Bach: Partita No 4 in D major; Italian Concerto; Chaconne from Violin Partita in D minor (arranged for piano by Busoni)
Reviewed on Mon 28 Jan, 2019
A performance of mesmerising penetration, intellectually and emotionally transcending time and fashion.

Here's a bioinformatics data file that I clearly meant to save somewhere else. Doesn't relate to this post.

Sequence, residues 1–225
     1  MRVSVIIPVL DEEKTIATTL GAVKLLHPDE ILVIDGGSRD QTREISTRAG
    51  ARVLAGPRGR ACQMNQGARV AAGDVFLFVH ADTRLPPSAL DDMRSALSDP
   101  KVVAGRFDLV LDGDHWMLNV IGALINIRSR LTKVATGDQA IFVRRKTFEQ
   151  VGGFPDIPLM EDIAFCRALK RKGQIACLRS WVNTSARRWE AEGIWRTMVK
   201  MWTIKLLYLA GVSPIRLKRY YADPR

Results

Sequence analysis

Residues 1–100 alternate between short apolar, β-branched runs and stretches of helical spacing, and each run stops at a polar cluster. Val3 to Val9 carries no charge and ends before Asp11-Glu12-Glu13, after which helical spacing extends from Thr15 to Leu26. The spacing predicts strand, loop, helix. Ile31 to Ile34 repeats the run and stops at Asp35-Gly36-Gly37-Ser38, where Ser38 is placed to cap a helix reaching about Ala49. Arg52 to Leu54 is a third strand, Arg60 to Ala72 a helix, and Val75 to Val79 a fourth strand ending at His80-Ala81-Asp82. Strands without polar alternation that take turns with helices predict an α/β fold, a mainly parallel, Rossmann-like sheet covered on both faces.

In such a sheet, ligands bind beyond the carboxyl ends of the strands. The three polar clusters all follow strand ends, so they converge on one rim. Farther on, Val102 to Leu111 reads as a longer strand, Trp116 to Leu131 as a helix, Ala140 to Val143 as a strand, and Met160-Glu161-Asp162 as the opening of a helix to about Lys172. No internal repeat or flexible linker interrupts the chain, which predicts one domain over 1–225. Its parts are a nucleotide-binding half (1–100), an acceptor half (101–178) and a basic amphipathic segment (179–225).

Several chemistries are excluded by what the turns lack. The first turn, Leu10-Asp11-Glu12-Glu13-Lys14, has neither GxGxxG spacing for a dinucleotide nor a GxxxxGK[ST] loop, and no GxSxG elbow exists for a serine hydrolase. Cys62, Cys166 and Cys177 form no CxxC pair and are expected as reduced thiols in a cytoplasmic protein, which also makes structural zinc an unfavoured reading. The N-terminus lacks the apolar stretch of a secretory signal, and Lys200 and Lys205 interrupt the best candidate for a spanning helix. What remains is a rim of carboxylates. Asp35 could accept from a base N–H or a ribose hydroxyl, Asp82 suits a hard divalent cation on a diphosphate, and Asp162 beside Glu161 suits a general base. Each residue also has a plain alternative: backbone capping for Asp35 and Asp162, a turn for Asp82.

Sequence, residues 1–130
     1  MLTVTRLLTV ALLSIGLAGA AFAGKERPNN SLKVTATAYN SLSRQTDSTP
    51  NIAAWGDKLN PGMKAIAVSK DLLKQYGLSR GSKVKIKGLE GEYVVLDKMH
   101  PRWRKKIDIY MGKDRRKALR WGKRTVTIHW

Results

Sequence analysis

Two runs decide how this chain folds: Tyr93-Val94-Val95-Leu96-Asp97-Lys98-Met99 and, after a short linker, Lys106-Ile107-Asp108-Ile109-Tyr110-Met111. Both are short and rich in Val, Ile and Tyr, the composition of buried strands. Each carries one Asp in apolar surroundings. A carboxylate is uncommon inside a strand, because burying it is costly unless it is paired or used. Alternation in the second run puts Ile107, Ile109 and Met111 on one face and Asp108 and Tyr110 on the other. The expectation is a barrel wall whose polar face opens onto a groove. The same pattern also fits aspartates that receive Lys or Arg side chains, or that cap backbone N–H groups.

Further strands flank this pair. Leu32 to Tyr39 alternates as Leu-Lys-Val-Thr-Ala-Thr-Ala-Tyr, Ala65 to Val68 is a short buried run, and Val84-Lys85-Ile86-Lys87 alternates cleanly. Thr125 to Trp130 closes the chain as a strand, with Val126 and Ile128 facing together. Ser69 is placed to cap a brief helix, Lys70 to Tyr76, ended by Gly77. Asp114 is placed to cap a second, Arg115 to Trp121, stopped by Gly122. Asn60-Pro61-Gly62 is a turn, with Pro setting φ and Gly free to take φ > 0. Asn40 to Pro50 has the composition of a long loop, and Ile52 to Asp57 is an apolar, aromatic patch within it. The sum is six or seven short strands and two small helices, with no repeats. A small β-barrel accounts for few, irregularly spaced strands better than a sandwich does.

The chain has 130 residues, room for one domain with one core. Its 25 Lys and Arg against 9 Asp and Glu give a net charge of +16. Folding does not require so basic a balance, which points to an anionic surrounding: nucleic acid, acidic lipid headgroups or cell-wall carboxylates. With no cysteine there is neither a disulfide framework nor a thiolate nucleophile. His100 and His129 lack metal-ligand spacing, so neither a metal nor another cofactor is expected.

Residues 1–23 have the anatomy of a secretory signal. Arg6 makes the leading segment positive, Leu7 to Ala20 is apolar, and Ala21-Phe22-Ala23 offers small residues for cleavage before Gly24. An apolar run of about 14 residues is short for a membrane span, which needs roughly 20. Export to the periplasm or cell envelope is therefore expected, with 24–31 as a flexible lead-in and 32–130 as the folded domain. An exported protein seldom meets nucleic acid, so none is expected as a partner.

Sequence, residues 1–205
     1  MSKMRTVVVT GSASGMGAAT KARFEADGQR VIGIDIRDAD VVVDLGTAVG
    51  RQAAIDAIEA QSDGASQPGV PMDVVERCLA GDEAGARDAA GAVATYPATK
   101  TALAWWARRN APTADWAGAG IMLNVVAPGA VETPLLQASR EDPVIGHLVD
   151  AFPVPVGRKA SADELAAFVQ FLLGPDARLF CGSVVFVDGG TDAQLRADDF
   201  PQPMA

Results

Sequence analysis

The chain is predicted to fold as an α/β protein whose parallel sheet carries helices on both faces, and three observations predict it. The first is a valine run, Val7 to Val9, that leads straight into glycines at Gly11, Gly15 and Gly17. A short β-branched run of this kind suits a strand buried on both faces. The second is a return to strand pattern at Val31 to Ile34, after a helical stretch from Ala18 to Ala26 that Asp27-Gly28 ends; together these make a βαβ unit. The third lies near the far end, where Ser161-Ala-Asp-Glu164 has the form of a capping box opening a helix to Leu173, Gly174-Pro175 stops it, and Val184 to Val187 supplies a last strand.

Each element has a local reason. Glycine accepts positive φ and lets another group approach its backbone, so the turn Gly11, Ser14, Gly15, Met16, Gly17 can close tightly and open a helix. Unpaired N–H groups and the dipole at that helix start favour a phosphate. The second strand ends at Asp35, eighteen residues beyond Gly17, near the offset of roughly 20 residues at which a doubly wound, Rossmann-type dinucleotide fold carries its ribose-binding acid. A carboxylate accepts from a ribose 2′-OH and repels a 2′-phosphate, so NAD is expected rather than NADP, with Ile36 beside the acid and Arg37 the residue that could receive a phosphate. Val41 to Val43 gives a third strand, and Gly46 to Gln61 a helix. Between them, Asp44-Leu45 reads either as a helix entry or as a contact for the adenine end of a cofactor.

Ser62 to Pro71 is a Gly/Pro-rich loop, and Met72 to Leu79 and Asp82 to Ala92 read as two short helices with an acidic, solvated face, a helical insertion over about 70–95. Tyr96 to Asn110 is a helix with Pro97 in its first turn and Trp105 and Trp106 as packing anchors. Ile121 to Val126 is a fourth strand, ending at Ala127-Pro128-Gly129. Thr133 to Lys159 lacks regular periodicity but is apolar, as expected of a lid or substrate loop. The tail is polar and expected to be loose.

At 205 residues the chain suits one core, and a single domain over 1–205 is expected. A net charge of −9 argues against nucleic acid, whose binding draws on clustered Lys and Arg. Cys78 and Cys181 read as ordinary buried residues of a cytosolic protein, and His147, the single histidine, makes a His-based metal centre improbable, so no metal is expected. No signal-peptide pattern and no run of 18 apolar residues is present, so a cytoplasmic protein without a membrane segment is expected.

The philosophy of an erstwhile musician re-ignites. For Edwin Fischer (1886-1960) Bach “towered above the centuries, but to interpret his works aright one must take into account the contemporary scene which was his setting – the religious feeling of his epoch, its symbolism, its close association with the Church.” Not words for our nihilistic, anti-Christian age but they ring many bells with Frederico Colli. Begin at the beginning with the Partita, shorn of all dynamic or tempo markings. Try not to be prejudiced that the introduction to the Overture is neither double-dotted nor repeated. Yet be drawn to the incisive lilt of the fast 9/8 section with individual inflections to the rhythm, then revel in the Courante and Gigue, variety accentuated and articulated to feel the snap of the dance. However, the first intimation of Colli’s inner spirituality is heard in the Allemande – slow of gait, very soft in utterance, atmosphere enhanced by a line that combines ebb and flow with expressive tonal colouration. Ditto the Sarabande and the Andante of the Italian Concerto. Then from echt Bach, spare of markings, to Bach hair-raisingly transcribed by Busoni with liberal instructions in both Italian and German – the Chaconne. Recordings by Arturo Benedetti Michelangeli and Mikhail Pletnev unleash its physical power. Colli goes further, delves deeply in an unswerving conviction that the mystery of God, from Christ’s childhood to the Crucifixion and its aftermath, is crucially felt through the symbols inherent in the work. And his interpretation of those symbols, as described in the booklet, lifts the music to a sweepingly numinous level, offering a performance of mesmerising penetration, intellectually and emotionally transcending time and fashion. In sum, here is a disc enshrining superlative musicianship. Why wasn’t it released in SACD?